In Bonz v. Sudweeks, 835 P.2d 1293 (Idaho 1991), the defendant attorneys represented the plaintiffs in various real property transactions. Some of the transactions resulted in litigation and the filing and recording of a lis pendens on plaintiffs' real property. After successfully settling the litigation, the defendants prepared and recorded a release of lis pendens on March 13, 1986. Unfortunately, the release was recorded in the wrong county. As a result, the original lis pendens was not released and continued to be a cloud on the title to plaintiffs' property. It was later discovered in March, 1987, by a third party investor who had offered to invest in the development of plaintiffs' property but withdrew his offer upon encountering the cloud on title to the property. However, the investor did not advise the plaintiffs of the presence of the lis pendens. Id. at 877.
The plaintiffs later discovered that the defendants had recorded the release of lis pendens in the wrong county. They filed a professional malpractice action against the defendants on January 6, 1989, more than two years after the release of lis pendens had been improperly recorded, and the defendants moved for summary judgment on the basis that the action was barred by the statute of limitations in Idaho Code § 5-219(4). The trial court granted the defendants' motion on the ground that the two-year statute of limitations had expired before the complaint was filed because the plaintiffs had been damaged at the time of the recording of the release. Id.
In reversing the trial court, the Idaho Supreme Court described the issue before it as "whether the presence of the lis pendens as a cloud on the title in and of itself, without some related or actual damage to plaintiffs, is sufficient to cause the action to accrue." Id. at 879. The court concluded the lis pendens as a cloud on title was not sufficient, and on that basis found the plaintiffs' cause of action accrued at the time the third party investor learned of the lis pendens and withdrew his offer to participate in developing the property, rather than at the earlier point in time when the release was filed in the wrong county. Id. at 879-80.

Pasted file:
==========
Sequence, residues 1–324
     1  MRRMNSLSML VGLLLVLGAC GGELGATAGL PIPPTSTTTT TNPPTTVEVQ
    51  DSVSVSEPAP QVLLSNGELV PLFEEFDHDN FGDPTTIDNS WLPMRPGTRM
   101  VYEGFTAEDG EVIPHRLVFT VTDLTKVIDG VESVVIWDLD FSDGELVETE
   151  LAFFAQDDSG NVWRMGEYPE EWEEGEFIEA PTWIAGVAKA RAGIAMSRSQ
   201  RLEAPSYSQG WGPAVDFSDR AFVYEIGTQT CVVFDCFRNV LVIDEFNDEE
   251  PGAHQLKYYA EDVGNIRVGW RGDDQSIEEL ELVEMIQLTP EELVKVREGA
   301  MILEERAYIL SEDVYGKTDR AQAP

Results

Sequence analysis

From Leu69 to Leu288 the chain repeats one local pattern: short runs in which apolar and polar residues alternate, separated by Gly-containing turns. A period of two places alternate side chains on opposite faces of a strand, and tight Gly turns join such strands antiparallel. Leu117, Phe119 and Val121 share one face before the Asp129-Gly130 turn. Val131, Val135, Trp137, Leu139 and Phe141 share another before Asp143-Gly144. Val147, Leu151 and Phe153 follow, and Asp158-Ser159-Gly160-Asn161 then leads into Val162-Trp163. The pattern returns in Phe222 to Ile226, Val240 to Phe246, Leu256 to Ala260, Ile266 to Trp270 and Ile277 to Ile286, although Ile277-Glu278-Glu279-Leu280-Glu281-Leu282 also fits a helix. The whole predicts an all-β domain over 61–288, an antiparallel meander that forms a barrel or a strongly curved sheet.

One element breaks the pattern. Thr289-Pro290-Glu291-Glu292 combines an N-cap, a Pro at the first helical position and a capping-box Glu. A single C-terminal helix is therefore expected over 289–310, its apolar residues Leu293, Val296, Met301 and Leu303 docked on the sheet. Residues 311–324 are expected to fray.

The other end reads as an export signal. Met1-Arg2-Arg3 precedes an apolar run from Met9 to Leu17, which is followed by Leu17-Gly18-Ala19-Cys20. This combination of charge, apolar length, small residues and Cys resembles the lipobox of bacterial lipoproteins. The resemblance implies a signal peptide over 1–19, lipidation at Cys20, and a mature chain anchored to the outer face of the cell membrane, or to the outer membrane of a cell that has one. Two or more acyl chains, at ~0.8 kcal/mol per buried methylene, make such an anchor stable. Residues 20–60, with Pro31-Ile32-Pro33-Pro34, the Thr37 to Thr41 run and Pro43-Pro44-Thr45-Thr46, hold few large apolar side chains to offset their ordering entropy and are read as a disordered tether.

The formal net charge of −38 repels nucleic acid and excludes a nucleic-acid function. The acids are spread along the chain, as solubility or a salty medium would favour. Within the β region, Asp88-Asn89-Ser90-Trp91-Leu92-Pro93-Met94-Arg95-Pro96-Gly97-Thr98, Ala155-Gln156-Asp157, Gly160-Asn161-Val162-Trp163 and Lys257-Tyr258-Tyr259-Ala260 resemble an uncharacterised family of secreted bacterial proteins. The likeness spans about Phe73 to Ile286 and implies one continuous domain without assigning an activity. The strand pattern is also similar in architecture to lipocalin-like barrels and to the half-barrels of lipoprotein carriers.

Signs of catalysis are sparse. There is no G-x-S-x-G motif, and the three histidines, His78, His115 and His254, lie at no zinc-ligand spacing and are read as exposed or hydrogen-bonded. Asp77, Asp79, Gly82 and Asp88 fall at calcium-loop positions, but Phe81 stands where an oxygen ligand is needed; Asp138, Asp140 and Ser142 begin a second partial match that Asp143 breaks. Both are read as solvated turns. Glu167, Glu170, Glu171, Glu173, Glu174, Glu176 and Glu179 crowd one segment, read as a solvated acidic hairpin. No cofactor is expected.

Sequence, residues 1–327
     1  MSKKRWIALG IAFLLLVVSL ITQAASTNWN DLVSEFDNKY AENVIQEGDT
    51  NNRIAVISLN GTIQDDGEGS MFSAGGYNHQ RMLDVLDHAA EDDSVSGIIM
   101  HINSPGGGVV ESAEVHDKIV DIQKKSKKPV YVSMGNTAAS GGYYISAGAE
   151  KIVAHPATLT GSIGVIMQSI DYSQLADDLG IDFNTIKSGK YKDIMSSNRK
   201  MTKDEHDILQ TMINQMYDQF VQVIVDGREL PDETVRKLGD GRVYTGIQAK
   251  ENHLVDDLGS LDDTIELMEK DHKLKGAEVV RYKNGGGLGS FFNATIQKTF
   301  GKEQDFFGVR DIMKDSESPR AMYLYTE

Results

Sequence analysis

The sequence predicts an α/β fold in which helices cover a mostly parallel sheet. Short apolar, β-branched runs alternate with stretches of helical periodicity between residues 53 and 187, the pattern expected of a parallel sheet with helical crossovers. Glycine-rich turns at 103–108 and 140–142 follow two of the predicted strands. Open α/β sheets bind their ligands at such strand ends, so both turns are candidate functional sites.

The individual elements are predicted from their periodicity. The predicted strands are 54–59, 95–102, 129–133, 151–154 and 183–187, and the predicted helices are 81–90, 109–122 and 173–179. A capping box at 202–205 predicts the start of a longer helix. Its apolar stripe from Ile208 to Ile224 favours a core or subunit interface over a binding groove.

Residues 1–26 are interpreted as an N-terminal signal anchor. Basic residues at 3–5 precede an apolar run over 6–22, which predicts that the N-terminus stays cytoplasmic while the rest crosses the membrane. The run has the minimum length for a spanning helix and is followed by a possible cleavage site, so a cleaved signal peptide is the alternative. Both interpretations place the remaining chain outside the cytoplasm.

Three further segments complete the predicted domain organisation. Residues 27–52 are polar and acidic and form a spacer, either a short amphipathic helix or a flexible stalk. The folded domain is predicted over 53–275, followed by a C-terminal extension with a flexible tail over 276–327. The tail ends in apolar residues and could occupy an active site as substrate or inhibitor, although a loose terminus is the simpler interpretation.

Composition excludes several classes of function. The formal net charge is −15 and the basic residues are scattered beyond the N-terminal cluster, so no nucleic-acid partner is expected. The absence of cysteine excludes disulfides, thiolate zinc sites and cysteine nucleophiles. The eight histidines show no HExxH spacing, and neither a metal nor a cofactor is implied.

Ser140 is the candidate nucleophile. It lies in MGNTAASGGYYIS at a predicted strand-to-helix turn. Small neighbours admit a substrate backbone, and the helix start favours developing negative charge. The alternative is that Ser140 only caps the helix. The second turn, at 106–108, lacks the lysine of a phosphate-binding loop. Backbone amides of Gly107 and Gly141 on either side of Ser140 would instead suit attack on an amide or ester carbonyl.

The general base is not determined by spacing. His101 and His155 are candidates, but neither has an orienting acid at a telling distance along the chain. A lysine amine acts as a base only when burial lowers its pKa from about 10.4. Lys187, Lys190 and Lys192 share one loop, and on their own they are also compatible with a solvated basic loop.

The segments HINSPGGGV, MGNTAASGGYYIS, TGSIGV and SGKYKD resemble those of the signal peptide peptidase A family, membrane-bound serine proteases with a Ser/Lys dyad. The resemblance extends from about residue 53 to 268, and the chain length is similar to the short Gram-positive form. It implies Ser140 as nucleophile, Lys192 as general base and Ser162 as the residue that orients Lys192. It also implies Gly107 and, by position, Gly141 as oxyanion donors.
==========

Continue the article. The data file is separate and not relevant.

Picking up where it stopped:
The facts presented here closely resemble those of Bonz. Just as the filing of the release of lis pendens in the wrong county in Bonz resulted in a continuing cloud on title in that case, the recording of the deed of trust in this case resulted in a cloud on the title to the Washington Heights Property. As explained by the Bonz court, the cloud on title "in and of itself" is not sufficient to cause the action to accrue, "without some related or actual damage" to Debtors. In Bonz, the damage that caused the plaintiffs' action to accrue was the investor's withdrawal of his financial support after learning of the cloud on title to the plaintiffs' property. Here, Debtors did not suffer "some actual damage" until Edwards was paid the $57,500.00 at closing in order to release the deed of trust containing the notarized forged signature. Thus, the cause of action did not accrue until that payment was made on May 31, 2006.
Alliance seeks to avoid the result dictated by Bonz by arguing that Debtors could have pursued a cause of action for slander of title at the time the deed of trust was recorded on February 22, 2006, and that therefore some damage occurred at that time. The Court is unpersuaded.
"Slander of title requires proof of four elements: (1) publication of a slanderous statement; (2) its falsity; (3) malice; and (4) resulting special damages." Porter v. Bassett, 195 P.3d 1212, 1218 (Idaho 2008). Attorney's fees and legal expenses incurred in removing the cloud on a plaintiff's title qualify as special damages for purposes of a slander of title claim. Rayl v. Shull Enters., Inc., 700 P.2d 567, 573 (Idaho 1984).
Although Debtors arguably could have pursued a slander of title action to remove the deed of trust on their property, they did not do so. Indeed, Debtors took no steps to remove the deed of trust before the May 31, 2006 closing as they had no knowledge of the deed before that date. Thus, they did not sustain any special damages, in the form of attorney's fees, legal expenses or otherwise, before May 31, 2006. That they could have pursued a slander of title action only resulted in the potential for damage and such potential for damage is insufficient to cause an action to accrue for purposes of Idaho Code § 5-219(4). See Parsons Packing, Inc. v. Masingill, 95 P.3d 631, 634 (Idaho 2004).